World Bank president James Wolfensohn has dismissed United States allegations that billions of dollars of bank funding was misused as “frivolous.”
In his first public remarks since a US Senate Foreign Relations Committee hearing on May 13 that looked into corruption at multilateral agencies, Mr Wolfensohn said the World Bank was leading the fight against corruption in the development community.
“We have more investigators and more programs on corruption than I think the entire rest of the development community put together,” he told reporters at a briefing on the bank’s upcoming poverty conference in Shanghai, China.
“So the notion that we should be attacked on corruption is frivolous,” he added.
He said research by Jeffrey Winters, an associate professor at Northwestern University, that the World Bank had lost $US100 billion on corruption was an “incomprehensible assertion that is not soundly based”.
“I do believe that we should all focus on corruption but the bank is rated the number one in the fight against corruption.
“I cannot understand why someone is taking a shot at us when it’s a thing I pride us most on,” Mr Wolfensohn said.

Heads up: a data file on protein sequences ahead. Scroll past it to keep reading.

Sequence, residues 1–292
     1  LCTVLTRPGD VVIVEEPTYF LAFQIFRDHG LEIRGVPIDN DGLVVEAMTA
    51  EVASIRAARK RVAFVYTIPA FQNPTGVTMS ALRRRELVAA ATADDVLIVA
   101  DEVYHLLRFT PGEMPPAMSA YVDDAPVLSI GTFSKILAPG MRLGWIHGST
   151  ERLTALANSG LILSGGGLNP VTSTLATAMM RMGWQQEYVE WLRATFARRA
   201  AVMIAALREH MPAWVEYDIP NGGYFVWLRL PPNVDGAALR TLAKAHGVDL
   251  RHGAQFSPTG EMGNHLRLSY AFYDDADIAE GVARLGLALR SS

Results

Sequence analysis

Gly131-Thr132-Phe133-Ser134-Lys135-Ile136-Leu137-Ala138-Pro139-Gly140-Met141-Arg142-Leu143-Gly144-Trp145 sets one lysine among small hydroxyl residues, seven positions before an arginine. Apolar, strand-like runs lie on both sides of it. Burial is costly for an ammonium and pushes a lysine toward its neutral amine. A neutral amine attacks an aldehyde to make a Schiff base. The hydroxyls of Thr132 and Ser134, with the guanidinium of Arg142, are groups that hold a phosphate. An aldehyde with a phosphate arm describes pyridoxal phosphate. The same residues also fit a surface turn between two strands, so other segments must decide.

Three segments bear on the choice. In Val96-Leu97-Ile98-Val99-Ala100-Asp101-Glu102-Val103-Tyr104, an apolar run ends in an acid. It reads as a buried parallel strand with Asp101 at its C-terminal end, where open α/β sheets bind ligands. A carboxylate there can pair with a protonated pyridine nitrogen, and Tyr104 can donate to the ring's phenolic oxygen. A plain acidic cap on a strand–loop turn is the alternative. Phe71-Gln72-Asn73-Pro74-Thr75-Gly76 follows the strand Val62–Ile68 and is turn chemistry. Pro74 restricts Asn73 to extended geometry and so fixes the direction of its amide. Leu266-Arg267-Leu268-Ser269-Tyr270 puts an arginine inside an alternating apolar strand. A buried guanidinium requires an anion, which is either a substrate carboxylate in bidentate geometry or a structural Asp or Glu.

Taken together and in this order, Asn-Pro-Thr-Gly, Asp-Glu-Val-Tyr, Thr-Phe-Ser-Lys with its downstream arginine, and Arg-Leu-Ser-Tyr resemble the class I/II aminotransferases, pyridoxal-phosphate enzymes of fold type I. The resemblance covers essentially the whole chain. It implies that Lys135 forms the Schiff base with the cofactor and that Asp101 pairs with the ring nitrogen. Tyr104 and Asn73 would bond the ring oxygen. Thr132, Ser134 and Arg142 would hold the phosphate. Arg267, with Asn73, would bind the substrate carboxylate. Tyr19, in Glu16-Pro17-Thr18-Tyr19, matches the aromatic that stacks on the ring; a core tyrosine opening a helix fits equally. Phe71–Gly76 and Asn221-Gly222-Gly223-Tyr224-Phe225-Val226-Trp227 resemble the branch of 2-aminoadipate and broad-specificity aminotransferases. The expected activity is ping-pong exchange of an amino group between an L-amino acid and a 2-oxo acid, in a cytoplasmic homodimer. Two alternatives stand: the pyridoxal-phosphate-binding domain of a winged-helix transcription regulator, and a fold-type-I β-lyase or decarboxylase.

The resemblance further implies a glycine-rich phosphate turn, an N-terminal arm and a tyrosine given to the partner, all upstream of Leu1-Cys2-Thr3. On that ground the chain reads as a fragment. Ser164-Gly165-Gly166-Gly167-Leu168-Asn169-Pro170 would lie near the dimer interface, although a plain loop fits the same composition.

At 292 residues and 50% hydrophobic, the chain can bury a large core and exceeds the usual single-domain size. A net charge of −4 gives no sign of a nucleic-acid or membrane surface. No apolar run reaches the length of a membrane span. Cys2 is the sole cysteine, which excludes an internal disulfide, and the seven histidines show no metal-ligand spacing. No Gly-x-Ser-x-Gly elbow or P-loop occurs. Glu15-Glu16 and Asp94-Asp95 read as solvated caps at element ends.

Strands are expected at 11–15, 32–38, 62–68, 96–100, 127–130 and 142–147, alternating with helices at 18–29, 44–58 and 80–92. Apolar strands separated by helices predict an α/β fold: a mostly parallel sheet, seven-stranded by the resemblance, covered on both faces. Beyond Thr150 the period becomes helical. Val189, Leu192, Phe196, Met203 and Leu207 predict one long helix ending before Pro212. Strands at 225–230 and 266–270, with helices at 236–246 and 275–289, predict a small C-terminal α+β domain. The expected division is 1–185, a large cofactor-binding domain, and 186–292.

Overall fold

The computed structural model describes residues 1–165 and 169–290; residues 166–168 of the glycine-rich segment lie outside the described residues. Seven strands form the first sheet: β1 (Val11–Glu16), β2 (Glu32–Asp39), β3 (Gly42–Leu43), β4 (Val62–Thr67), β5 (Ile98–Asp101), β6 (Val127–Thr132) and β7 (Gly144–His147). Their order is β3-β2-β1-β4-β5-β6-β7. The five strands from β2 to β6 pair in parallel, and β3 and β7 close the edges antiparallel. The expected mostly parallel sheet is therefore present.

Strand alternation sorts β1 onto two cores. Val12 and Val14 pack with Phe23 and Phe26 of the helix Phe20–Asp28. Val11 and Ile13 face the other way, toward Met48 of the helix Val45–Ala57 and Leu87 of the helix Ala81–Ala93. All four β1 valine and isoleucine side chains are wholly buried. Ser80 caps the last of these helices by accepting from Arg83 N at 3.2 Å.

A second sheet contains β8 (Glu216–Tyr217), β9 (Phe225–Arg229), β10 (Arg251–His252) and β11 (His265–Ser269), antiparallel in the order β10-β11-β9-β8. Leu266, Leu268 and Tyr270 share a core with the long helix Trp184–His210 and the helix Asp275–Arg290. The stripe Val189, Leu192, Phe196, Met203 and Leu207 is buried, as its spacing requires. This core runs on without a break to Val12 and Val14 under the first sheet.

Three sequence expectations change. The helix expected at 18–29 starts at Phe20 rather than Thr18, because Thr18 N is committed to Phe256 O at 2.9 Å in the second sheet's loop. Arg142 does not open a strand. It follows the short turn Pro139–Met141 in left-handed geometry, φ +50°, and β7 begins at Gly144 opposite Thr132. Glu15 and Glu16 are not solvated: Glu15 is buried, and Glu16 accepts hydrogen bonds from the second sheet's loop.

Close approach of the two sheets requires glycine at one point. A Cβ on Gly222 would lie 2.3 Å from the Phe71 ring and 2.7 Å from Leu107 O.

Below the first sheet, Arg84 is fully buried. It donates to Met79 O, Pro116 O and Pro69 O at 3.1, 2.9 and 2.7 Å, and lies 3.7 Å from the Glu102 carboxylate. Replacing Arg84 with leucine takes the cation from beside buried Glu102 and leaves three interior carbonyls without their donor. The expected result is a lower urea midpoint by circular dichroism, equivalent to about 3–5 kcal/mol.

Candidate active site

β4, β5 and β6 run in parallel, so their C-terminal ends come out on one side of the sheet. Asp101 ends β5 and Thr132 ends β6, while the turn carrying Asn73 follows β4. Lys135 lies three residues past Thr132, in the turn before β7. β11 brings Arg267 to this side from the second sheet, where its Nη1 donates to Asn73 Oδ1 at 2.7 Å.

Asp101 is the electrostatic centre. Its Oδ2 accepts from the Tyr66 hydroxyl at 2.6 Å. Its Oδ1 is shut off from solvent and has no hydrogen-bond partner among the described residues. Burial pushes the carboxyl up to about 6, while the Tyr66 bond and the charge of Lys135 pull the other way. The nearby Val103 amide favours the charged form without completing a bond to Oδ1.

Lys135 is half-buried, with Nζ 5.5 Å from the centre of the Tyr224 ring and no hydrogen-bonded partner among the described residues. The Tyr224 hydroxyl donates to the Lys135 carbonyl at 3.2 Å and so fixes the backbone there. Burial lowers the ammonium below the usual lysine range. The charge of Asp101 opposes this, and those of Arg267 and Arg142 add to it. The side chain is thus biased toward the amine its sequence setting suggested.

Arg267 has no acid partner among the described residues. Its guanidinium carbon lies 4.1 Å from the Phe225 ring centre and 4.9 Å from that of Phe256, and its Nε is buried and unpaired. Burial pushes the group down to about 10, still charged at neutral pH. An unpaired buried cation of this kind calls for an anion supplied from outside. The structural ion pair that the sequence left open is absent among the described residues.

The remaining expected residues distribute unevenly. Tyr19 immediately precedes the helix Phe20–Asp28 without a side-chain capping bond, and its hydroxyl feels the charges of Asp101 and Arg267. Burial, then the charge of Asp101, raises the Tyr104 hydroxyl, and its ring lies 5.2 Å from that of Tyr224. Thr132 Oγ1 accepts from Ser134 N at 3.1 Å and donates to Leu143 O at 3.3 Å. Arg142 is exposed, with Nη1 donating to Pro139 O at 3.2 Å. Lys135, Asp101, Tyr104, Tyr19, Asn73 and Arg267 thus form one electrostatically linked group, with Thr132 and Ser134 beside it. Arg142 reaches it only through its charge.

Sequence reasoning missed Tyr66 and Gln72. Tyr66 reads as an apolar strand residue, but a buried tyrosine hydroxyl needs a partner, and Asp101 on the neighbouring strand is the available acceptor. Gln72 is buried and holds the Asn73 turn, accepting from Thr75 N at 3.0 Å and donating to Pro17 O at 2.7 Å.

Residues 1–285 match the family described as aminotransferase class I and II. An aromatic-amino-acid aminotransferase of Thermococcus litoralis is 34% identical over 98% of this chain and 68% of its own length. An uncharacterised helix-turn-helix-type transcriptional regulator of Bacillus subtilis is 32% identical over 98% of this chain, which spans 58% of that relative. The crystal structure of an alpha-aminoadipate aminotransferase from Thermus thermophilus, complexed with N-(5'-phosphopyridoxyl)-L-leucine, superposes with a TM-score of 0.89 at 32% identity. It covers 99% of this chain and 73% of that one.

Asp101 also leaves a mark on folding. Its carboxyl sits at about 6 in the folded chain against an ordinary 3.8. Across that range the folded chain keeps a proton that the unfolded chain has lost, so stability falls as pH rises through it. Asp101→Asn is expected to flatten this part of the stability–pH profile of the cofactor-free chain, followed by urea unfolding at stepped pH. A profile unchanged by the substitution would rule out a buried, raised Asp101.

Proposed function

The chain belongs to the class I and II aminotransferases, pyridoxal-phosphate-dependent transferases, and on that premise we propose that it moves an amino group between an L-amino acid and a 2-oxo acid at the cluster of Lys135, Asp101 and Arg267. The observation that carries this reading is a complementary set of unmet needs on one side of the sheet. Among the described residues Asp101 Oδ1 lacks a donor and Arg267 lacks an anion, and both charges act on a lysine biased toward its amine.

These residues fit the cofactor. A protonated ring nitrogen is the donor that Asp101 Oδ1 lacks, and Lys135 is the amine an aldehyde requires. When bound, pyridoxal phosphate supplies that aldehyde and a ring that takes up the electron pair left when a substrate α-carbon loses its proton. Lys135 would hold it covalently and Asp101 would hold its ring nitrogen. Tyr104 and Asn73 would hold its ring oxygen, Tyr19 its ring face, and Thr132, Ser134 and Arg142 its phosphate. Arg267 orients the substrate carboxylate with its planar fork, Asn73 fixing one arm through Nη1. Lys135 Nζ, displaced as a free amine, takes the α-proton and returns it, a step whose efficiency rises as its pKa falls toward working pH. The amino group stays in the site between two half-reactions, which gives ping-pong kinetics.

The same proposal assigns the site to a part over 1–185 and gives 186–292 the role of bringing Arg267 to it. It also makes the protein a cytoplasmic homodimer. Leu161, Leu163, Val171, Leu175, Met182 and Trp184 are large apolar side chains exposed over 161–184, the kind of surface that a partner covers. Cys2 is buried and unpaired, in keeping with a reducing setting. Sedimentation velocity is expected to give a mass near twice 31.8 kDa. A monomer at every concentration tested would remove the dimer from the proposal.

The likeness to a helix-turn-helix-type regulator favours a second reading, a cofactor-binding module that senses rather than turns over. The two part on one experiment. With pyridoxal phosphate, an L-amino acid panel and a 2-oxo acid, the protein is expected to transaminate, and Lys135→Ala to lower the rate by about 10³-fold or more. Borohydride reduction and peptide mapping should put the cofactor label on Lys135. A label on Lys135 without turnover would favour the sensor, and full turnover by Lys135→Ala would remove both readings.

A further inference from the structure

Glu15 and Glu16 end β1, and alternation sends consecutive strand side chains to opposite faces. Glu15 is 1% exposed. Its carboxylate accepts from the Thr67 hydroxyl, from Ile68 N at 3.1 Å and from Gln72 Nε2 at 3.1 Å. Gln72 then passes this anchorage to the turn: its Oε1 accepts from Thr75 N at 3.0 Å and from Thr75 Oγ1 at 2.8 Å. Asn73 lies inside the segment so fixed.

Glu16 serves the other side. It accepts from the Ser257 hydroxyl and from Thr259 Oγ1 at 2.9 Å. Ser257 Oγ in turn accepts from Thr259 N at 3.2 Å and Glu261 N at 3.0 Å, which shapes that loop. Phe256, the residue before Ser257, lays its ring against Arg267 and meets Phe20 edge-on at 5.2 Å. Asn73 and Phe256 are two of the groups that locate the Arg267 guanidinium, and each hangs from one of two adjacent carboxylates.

Senator Richard Lugar, chairman of the Senate committee, commended Mr Wolfensohn for bringing more attention to corruption but said it remained a serious problem.
The Indiana Republican cited experts who calculate that between $US26 billion and $US130 billion of money lent by the bank for development projects since its inception in 1946 had been misused.
In 2003, the bank distributed $US18.5 billion in developing countries.
Mr Wolfensohn said the motivation for the hearing “might be political,” when asked if there was any basis for the hearing.
“I don’t know where this comes from and the assertions are whimsical but it could be politically motivated,” he said.
Like other United Nations agencies, World Bank officials are not allowed to testify in public forums.
However, senior bank officials gave lawmakers a private briefing on the bank’s work on corruption.
Mr Wolfensohn said the bank had black-listed around 150 companies and handed over suspected corrupt officials to authorities for criminal investigation.
“We’re looking very carefully at ourselves and very carefully at the odd person who is trying to make a fast buck,” he said.
ABC News, May 19, 2004